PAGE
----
A week ago tonight, I attended a concert in the park, something I haven’t done in years. The first entertainer was a young forty-something singer called Daniel Powter, a world-renown Canadian, who looked younger than his age. I wasn’t familiar with his music but my friend Susan was and I enjoyed the music. By the time his set finished, his voice should have been hoarse but he fooled me. He hadn’t strained it after all.
I haven’t been a teenager in well over a half-century plus, and have never been to a rock concert. I thought I would die from the all-encompassing electronic explosion of blare and boom. My eardrums complained, then gave up. The crowd hadn’t begun to swell yet and while we watched the stage and Daniel, the throng broadened and redoubled surrounding us.
After the first set, Sue and I fought the crowds, hip-to-hip and elbow-to-elbow to get to the food area. I settled on a Pizza Pizza Slice at a reasonable price. Sue bought large fries for five dollars—what I call highway robbery with a smile. As we struggled back to our chairs, the highly anticipated show we’d come for had already begun. I gawked up at the overhead screen with disappointment. Chubby Checkers had reverted back to the fellow we had first known as teenagers.
“Crap, he’s put all that weight back on again.” I had no idea my mouth blurted aloud what my brain considered. Susan grinned and we both rubbernecked to sneak a peek at the stage but the masses had multiplied yet again. Our chairs were still where we’d left them. Whew. Fans danced on the grass and blocked our view of the stage without guilt. Between gyrating bodies, I managed a glimpse of Chubby and he looked nothing like his on-screen projection. On-stage, he sported the signature baby blue jean jacket, jeans and red T-shirt. My preview proved him slim, trim and fit. Overhead on the video, he appeared overweight by a good 40 pounds.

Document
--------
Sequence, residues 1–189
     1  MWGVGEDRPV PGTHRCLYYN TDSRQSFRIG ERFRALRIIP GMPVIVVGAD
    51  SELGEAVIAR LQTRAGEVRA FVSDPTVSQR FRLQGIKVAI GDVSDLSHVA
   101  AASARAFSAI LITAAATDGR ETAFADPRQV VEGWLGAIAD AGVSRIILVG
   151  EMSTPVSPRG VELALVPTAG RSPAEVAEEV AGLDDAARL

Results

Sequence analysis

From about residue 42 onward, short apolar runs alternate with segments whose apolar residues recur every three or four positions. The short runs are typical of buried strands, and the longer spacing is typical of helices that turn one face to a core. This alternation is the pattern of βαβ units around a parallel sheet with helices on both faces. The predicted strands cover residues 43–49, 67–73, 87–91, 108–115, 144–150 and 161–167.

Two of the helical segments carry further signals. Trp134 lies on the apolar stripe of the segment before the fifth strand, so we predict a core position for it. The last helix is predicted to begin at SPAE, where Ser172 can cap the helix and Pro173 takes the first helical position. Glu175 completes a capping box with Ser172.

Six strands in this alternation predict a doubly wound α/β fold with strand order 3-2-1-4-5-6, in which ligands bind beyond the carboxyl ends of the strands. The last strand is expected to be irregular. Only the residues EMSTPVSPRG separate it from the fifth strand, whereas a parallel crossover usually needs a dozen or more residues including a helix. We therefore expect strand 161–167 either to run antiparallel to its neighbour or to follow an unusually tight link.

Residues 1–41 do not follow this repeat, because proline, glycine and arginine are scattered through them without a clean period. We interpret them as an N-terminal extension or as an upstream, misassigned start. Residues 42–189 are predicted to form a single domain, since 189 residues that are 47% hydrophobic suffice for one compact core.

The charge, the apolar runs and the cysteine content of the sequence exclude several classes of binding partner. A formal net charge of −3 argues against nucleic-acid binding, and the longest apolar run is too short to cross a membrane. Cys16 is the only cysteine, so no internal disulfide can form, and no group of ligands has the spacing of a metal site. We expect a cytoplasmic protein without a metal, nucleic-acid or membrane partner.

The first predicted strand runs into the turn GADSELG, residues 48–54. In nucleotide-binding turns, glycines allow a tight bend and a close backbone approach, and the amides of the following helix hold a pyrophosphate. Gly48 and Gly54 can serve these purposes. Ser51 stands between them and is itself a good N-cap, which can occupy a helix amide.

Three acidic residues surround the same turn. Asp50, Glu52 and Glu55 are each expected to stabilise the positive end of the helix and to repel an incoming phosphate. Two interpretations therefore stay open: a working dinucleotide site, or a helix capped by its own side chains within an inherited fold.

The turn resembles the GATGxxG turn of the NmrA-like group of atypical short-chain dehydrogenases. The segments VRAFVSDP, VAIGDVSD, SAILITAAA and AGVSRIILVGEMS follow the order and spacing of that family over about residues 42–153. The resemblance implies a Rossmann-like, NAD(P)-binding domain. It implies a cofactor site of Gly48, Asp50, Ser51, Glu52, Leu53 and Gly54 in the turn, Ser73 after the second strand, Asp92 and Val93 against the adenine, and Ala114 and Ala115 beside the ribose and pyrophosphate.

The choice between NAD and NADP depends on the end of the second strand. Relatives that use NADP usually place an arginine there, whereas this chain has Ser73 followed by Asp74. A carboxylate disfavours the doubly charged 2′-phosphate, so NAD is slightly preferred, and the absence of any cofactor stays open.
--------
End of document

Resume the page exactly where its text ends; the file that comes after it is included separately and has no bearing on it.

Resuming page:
“I don’t understand why the difference?” My friend didn’t know the answer either. Daniel Powter hadn’t been replicated as heavier but the same. For a better view of the stage, Sue darted closer to the stage. I followed. She’d worn a fanny pack. Smart lady. I had my old lady carry-everything-I-hold-sacred bag over my shoulder. Can’t look cool shaking what my Momma gave me with my house on my back like a turtle. Now I know why they don’t dance—or can’t.
We were lost in a sea of gray hair and wrinkles, a few walkers, hearing aids, and toupees. A guy on crutches with a steel cage attached to one leg sashayed back and forth as he leaned against the barricade in front of the stage. Everyone and everything—and I mean everything—rocked and swayed, shook and wiggled like jelly. I wondered why all the people who can’t dance always make their way in front of everyone else to show off their best moves. Does that mean the good ones are behind me?
Yes, many young(er) concert-goers attended too. Some of them couldn’t dance either. I marvelled they even knew what The Twist was, let alone do it, or who CC was?
The night turned cool enough for a sweater. I had come prepared. The mosquitoes mustn‘t have liked the loud music because they were absent. Small mercies are always welcome. We danced and jiggled, stomped and clapped and sang for an hour. By then, with ear drums blown, my back screamed for a sit and I tried to quash the drum set hammering in my body. The end of the show was almost a relief. It’s a wonder the sound system hadn’t interfered with all the pacemakers and hearing-aids in the crowd.
“Look at him. He’s not even doing the real twist.”
I howled with laughter. “Neither are we, Sue.”
Fifty-three years ago, The Twist and Mr. Checkers had hit the charts. Fifty-three years? Already? For a seventy-one-year-old, he put on a fast-paced show. Of course he didn’t do The Twist quite the way he had all those summers ago but I can’t complain about the performance.
Chubby Checkers almost in my town. I was a kid again for almost an hour—long enough to break a hip but I did not. Why hadn’t I packed my camera? A senior moment perhaps.
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If you have come this far, thank you for sticking with me. I have strived for 500 words, more or less, but today went over by more than 200+ words.